Congress's First Blind Rabbi?

Last week's New Yorker had a Talk of the Town piece on the man who hopes to be the first blind rabbi—and in fact, the first rabbi—to serve in the U.S. Congress...

Last week's New Yorker had a Talk of the Town piece on the man who hopes to be the first blind rabbi—and in fact, the first rabbi—to serve in the U.S. Congress.

Dennis Shulman also holds a Harvard Ph.D.—he earned a doctorate in psychology in 1976.

He is trying to unseat incumbent Representative Scott Garrett, a Republican who, according to author Jeffrey Toobin ’82, J.D. ’86, has "the most conservative voting record of any member of the House from the Northeast." In June, Shulman bested opponents Camille Abate and Roger Bacon to win the Democratic primary for the seat, which covers northeastern New Jersey near the Pennsylvania border. 

Toobin's short piece packs in a wealth of biographical information and a few humorous moments. For instance, he quotes Shulman as saying:

"My favorite headline from the primary was 'blind rabbi's opponent is bacon.’”

You might also like

Threats Foreign and Domestic

Joseph Nye discusses geopolitics and Harvard’s challenges.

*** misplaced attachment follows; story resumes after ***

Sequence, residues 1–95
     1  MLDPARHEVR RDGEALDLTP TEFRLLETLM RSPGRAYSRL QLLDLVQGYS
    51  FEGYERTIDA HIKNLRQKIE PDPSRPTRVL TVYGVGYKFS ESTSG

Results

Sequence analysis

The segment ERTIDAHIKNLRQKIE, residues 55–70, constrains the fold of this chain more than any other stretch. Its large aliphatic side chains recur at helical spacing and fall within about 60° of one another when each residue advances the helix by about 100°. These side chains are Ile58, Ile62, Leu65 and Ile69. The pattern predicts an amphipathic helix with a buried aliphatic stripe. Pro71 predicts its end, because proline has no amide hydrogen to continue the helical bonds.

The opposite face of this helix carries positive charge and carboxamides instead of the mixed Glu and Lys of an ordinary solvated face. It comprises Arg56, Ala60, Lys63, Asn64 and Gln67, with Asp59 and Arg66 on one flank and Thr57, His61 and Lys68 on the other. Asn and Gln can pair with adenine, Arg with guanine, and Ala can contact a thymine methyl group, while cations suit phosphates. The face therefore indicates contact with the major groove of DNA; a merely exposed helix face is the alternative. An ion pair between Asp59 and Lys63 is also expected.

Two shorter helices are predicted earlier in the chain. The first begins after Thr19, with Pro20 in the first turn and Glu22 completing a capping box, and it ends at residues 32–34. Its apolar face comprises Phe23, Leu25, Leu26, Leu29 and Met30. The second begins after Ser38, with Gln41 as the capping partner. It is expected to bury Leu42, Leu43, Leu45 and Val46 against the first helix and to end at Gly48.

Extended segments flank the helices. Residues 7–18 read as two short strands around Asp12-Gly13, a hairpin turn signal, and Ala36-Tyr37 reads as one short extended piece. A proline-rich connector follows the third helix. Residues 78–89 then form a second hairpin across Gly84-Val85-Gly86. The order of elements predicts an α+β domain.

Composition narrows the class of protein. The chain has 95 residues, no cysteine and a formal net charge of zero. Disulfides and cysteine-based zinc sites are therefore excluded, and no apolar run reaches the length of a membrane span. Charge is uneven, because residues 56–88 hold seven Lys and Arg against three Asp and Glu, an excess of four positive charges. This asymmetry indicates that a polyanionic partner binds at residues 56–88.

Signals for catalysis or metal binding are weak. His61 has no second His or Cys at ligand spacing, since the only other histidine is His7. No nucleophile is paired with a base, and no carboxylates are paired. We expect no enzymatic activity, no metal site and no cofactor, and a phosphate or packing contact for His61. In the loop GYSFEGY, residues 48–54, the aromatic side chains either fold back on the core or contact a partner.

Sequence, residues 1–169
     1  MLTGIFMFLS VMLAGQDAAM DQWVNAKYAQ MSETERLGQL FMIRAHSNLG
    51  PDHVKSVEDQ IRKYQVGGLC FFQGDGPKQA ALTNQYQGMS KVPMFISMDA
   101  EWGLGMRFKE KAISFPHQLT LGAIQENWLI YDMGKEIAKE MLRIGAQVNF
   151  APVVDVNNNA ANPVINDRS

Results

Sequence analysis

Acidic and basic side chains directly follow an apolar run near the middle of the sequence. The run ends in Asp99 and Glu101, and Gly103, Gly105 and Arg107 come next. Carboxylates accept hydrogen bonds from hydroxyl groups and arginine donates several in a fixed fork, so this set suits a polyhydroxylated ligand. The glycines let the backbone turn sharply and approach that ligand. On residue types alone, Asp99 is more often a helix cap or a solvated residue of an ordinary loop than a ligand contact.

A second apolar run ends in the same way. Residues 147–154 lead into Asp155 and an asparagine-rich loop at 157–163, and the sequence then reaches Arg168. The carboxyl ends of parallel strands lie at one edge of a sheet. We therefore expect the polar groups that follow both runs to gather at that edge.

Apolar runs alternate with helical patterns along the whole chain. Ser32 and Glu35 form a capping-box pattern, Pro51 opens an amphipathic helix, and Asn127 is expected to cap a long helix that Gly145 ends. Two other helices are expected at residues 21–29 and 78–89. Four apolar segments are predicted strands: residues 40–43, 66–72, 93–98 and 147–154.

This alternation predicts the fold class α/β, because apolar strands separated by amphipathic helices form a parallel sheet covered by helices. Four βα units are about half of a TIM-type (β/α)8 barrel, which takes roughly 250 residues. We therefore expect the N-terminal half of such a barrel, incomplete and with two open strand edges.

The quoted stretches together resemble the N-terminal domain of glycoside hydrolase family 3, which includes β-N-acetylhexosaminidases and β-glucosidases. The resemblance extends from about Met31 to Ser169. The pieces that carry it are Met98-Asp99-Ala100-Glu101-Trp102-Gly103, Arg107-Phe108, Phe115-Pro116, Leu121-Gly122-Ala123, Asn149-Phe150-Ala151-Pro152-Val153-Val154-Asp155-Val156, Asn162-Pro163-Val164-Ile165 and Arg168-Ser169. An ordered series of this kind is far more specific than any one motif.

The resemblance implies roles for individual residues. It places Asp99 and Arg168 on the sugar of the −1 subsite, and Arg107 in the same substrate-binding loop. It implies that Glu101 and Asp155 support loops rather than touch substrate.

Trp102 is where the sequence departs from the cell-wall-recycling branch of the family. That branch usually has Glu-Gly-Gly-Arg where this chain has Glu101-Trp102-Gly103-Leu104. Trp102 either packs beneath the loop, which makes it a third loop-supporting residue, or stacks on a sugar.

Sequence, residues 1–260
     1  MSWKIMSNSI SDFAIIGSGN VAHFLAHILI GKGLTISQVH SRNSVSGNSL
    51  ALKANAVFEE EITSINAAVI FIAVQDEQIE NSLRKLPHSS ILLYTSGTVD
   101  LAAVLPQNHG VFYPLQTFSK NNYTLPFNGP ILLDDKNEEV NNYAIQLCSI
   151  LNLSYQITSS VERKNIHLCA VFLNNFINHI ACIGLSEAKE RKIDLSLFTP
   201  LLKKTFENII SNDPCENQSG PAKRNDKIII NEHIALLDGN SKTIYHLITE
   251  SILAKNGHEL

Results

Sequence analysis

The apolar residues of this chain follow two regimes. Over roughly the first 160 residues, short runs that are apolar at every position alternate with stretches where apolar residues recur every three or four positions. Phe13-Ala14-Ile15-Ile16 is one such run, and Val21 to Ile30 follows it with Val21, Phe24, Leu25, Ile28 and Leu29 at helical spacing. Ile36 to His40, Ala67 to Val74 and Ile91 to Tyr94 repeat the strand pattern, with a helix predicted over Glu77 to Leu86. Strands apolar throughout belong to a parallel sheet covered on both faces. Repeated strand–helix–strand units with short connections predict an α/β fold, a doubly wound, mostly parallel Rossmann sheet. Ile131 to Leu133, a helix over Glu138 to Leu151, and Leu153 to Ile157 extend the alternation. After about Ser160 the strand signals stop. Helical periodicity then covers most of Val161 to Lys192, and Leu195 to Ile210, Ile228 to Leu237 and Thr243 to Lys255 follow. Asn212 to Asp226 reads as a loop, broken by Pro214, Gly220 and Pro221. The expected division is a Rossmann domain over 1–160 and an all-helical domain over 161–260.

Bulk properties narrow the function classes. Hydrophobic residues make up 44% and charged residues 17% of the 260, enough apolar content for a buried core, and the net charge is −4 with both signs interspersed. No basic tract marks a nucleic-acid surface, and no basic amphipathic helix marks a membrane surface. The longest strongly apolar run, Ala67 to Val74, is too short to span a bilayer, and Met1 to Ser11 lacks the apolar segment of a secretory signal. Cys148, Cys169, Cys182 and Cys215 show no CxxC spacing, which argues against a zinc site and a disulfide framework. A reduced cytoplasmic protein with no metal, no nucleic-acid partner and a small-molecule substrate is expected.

Harvard’s New Football Coach: A Real Tiger

The magazine’s football correspondent advises fans to deal with it.

The Interim President’s Agenda

Alan Garber on campus speech, academics, and his other Harvard priorities

Most popular

Open Book: The Photographer’s Art

Robin Kelsey probes the place of photography within art.

An Ipswich Idyll

Restorations revive the grand spirit of a North Shore estate.

Harvard Corporation to Drop Law School Shield Linked to Slavery

The announcement follows a Law School committee’s recommendation to abandon the shield. 

More to explore

Photograph of Winthrop Bell 1910

Winthrop Bell

Brief life of a philosopher and spy: 1884-1965

Illustration of people talking to each other with colorful thought bubbles above their heads

Talking about Talking

Fostering healthy disagreement

Vacationing with a Purpose

New England “summer camps” for adults